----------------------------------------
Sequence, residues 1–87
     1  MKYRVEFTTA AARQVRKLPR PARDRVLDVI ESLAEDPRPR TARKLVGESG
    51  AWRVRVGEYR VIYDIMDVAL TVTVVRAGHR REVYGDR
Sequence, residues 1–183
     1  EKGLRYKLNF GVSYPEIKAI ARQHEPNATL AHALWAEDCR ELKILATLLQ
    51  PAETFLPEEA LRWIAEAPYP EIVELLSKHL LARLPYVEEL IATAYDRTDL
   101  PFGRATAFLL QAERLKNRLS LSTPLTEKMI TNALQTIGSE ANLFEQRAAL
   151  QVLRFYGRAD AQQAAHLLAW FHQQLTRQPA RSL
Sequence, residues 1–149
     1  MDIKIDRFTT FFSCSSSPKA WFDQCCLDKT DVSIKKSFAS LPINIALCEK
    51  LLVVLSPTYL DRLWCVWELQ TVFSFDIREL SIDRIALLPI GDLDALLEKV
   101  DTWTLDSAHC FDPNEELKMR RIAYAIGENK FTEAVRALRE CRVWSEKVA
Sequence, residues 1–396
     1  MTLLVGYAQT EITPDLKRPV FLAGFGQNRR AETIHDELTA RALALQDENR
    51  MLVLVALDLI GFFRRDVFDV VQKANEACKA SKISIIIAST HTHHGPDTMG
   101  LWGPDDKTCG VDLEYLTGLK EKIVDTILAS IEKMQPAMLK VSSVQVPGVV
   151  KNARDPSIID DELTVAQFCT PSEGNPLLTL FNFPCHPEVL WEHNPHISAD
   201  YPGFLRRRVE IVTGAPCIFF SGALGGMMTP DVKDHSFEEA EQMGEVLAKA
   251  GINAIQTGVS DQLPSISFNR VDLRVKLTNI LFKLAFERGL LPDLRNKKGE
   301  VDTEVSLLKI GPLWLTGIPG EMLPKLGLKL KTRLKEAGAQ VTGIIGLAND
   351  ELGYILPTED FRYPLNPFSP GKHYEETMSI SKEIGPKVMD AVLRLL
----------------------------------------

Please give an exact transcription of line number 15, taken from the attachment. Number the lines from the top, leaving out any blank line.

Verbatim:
    51  MLVLVALDLI GFFRRDVFDV VQKANEACKA SKISIIIAST HTHHGPDTMG